He made a name for himself for singing around his high school, and it wasn’t long before his peers suggested that he should start rapping. “I was playing football, but that football shit—you know how that shit be,” he says.” I was good, but I knew I wasn’t the best. I already knew I was gon’ do two things out of my life: I was gon’ make music or I was gon’ play football.” After weighing his options, he decided to focus his efforts on music, but not without the help of a few early supporters: teachers at school who had picked up on his talent.
Together, Dooda’s teachers conspired to get him into the school’s chorus which, luckily for him, was led by his homeroom teacher. “Everybody would tell [my teacher], He knows how to sing. You need him in chorus,” he says. One day, he was called to the main office. “I’m thinking I’m in trouble, but they changed my schedule, and I saw chorus was on there,” Dooda says. Though he had already been recording quick freestyles, chorus afforded him the opportunity to perform onstage. (In a recently deleted Instagram clip, we see him giving a spirited rendition of “Stand By Me” for his peers.) “Chorus was just an extra blessing,” he says. But even joining the chorus didn’t make school any more enjoyable for him.
“I ain’t really like school,” he says. “I just went so I could make my mama happy, but I was still getting in trouble and shit.” Eventually, he got kicked out of school and tried an alternative school instead. But a pending legal case and afternoon classes made it hard for him to focus on completing his studies. “I had caught a case or whatever, so they was finna put me on probation,” he says. “I was like, Man, what the fuck? I’m not finna go to school if I’m gon’ have curfew at 7 o’clock. I’m not gon’ have no free time, plus this shit holding up the music. So I just said, Fuck it.”
Despite his complicated relationship with school, it provided him with one thing: a built-in audience. “When I first started [recording videos], it was on some shit where it was like, I ain’t got no money to go to the studio, so I’ma record this shit to build my fan base.” From there, he used the network from his school, and other schools in the area, to spread his music. “I got partnas from everywhere, so everybody was reposting my stuff. I got big off that—just from the schools.”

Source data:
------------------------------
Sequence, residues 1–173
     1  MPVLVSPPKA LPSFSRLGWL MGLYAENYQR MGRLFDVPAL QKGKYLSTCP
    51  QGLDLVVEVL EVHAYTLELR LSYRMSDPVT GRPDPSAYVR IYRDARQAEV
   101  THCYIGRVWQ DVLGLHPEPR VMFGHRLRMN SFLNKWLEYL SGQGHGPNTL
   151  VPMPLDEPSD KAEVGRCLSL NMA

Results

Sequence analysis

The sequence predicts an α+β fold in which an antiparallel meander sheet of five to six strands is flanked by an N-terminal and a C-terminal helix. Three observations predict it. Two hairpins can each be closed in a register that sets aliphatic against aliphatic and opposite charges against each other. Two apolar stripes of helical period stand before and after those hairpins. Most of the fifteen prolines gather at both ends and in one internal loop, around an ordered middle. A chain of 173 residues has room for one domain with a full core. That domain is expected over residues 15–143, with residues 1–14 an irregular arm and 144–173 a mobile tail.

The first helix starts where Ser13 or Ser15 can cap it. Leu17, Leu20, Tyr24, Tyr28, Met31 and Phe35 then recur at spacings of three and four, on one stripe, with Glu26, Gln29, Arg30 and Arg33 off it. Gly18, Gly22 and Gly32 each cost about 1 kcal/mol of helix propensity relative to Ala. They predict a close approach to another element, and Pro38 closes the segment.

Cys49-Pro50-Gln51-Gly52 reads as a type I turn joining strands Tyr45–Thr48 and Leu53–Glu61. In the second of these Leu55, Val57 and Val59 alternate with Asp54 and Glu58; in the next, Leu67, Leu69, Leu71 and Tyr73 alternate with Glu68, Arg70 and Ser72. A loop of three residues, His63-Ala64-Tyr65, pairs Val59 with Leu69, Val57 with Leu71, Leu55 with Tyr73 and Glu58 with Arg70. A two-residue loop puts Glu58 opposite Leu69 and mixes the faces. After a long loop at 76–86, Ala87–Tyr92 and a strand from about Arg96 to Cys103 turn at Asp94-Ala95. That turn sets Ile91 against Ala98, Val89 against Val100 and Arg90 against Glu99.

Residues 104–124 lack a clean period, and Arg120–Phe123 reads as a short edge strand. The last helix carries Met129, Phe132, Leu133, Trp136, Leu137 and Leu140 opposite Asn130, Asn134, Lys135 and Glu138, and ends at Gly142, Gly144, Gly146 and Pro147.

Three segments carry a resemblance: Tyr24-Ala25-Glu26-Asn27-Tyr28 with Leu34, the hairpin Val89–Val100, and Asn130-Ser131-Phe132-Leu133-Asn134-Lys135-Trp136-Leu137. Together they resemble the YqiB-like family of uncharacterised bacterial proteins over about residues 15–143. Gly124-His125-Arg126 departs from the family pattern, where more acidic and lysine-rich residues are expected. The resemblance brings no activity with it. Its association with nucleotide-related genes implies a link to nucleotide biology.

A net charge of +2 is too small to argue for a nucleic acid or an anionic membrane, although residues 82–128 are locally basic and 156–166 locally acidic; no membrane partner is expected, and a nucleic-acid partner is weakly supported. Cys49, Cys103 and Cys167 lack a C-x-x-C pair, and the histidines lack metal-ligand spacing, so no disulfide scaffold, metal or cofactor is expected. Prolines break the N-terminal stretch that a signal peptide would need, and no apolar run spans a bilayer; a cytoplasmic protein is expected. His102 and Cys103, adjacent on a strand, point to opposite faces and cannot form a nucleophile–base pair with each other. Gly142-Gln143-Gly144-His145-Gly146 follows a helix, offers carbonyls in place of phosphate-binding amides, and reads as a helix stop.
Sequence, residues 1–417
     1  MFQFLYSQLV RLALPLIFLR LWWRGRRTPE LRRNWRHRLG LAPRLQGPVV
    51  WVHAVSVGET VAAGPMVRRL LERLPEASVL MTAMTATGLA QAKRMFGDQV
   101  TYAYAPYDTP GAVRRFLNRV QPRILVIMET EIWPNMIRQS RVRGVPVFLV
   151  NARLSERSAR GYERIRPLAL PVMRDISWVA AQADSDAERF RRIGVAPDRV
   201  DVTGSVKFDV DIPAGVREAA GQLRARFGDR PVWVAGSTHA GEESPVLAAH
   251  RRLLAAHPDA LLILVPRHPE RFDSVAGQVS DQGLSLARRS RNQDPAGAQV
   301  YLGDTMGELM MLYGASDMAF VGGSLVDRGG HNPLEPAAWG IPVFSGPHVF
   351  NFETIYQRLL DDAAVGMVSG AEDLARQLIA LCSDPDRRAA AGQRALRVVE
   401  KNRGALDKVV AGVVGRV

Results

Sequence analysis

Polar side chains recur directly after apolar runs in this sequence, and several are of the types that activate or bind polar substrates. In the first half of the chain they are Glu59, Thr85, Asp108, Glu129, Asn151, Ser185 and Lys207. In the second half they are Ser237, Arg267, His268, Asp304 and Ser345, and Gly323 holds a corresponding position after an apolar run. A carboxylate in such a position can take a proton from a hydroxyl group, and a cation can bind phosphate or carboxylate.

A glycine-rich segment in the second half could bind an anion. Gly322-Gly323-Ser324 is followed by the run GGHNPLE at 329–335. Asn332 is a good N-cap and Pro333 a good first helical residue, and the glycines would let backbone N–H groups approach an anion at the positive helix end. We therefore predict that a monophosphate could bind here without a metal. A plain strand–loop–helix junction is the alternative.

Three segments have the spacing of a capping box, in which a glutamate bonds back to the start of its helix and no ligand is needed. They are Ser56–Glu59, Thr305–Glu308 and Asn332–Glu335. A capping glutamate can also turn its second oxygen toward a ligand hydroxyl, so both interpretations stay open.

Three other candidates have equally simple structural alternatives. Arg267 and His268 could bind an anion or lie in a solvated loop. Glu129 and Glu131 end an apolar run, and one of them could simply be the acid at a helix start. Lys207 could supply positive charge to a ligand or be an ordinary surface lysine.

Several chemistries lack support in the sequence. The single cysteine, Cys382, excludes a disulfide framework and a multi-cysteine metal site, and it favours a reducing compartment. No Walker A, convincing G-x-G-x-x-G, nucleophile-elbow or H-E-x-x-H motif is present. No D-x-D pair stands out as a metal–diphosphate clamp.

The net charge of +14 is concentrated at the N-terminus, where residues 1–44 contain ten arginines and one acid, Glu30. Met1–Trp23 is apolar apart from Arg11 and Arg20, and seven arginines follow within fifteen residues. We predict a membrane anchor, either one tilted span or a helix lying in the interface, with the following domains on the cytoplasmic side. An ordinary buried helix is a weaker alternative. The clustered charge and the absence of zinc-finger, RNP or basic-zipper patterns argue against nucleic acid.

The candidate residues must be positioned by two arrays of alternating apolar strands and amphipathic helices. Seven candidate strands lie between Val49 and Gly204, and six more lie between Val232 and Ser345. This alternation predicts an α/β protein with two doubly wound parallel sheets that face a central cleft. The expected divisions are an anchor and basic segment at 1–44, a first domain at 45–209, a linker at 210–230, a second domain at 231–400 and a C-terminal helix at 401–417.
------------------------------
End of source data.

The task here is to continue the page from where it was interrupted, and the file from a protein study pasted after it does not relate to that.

By 2019, rap was looking less like a hobby, and more like a viable career path. “Dreams & Reality,” featuring local rapper Rees Money, was the first official video to premiere on his YouTube page. It gave listeners a look at Tampa from Dooda’s eyes, a cutthroat environment that they might not have even been aware of. “It’s still one thing on my mind, and that is who gon’ die tonight?” he sings. “And Lord, forgive me for my sins, deep in these streets, I’ll be alright.” Dooda and his friends frequent a playground for most of the video; it’s a reminder that despite the heavy gun references, these are still teens.
For Black boys growing up in Tampa, and other cities like it, adolescence can be fleeting—and Dooda’s music zooms in on the growing pains associated with that transition from boyhood and manhood. His breakthrough song “Tru Colors,” released at the top of 2020, put that tension front and center: “Blessed with a gift, but I’m fighting this evil,” he says on the track, which quickly cracked a million views. A few months later, at the height of the pandemic, he signed with Rostrum Records. Now, he’s got a debut album to look forward to.
Something that seems to throw off new listeners is the piercing pitch of Dooda’s voice. “Man I was expecting him to be on some straight drill shit this dude over here singing like Lil Tjay,” said one YouTube commenter. But comments like that are rooted in perception, how people think the 18-year-old should present himself to the world.
“I always got that [criticism], he says. “My voice is deeper now, but even when I was a jit, I had a little voice. But, I ain’t gon’ cap—that’s what makes my shit different.” That voice, which often feels delicate in comparison to the boombastic beats, makes what Dooda sings about, particularly the parts about grief, hit even harder. Though fans won’t be able to listen to the record in full until May, there is a section on Fallen Angel—the songs “Sinning” and “No Libs”—where he memorializes the people in his inner circle who didn’t have the same chances he did: no chorus for them to divest their energy into, no record label to take them out of a less than ideal situation. “I watched my little nigga take his last breath, I’ma always remember,” he says on “Sinning.”
Last night, a post appeared on Dooda’s Instagram account with the words: “Free Taleban Dooda.” His team confirmed he had been temporarily incarcerated for a prior probation violation. The moment felt like a reminder that at 18, Dooda has already seen more than most kids his age. But he’s managed to use music as a vehicle to channel his pain.
“It phased me at a point in time,” he says of the trauma he’s experienced. “But it don’t phase me no more. I’ma win no matter what.”
Kristin Corry is a Senior Staff Writer for VICE.